*Direct correspondence to Wendy D. Roth, Department of Sociology, University of British Columbia, 6303 N.W. Marine Dr., Vancouver, BC, Canada, V6T 1Z1 〈email@example.com〉. The author is unable to share the data used for this study in order to protect the privacy of the respondents. The author thanks the three anonymous reviewers for extremely helpful comments, as well as Eamonn Callan, Mary Campbell, Jennifer Jihye Chun, Neil Gross, Amy Hanser, Ann Morning, Aliya Saperstein, Mary Waters, and the participants of the Social Statistics and Ethnic Diversity Conference in Montréal. This research was supported in part by grants from the National Science Foundation (SES-0221042 and IGERT Grant 98070661) and the Harvard University Graduate Society.
Racial Mismatch: The Divergence Between Form and Function in Data for Monitoring Racial Discrimination of Hispanics*
Article first published online: 26 OCT 2010
© 2010 by the Southwestern Social Science Association
Social Science Quarterly
Special Issue: Inequality and Poverty: American and International Perspectives
Volume 91, Issue 5, pages 1288–1311, December 2010
How to Cite
Roth, W. D. (2010), Racial Mismatch: The Divergence Between Form and Function in Data for Monitoring Racial Discrimination of Hispanics. Social Science Quarterly, 91: 1288–1311. doi: 10.1111/j.1540-6237.2010.00732.x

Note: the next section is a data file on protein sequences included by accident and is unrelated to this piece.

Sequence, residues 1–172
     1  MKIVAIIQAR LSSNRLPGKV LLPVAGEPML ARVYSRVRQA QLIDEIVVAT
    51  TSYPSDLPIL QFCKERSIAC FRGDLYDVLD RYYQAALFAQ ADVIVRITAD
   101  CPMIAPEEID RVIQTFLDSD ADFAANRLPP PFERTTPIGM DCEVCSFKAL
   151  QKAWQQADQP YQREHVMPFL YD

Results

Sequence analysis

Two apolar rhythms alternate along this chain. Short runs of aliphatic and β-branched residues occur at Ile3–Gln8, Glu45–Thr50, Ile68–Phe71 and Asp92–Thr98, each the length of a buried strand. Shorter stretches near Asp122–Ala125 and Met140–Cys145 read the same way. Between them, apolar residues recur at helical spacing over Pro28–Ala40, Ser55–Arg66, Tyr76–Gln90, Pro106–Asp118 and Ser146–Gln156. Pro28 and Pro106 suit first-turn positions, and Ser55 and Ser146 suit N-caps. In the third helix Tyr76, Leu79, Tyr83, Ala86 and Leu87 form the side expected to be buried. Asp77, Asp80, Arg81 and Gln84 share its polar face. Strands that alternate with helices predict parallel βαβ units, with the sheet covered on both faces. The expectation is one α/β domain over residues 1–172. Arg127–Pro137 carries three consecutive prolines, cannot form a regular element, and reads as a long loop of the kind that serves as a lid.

- Issue published online: 26 OCT 2010
- Article first published online: 26 OCT 2010
Objectives. A primary justification for collecting U.S. racial statistics is the need to monitor racial discrimination. This article aims to show how analyses of Hispanics—who may officially be of any race—tend to miss discrimination based on racial appearance by relying on data that instead capture racial self-identification, a different aspect of race that often does not correspond.
Methods. The study analyzes 60 qualitative interviews with Dominican and Puerto Rican migrants in the New York metropolitan area. It employs multiple measures to represent theoretically distinct aspects of the lived experience of race.
Results. Respondents interpret the Census race question in different ways corresponding to different aspects of race, which often do not match one another. Although respondents experience discrimination on the basis of phenotype, their racial self-identification is a poor proxy for measuring their racial appearance.
Conclusions. Scholars need to develop a language of race that communicates the multiplicity of social processes involved. Social surveys must provide measures of these multiple components, including interviewer observations of racial appearance, to monitor discrimination on the basis of phenotype within Hispanic groups.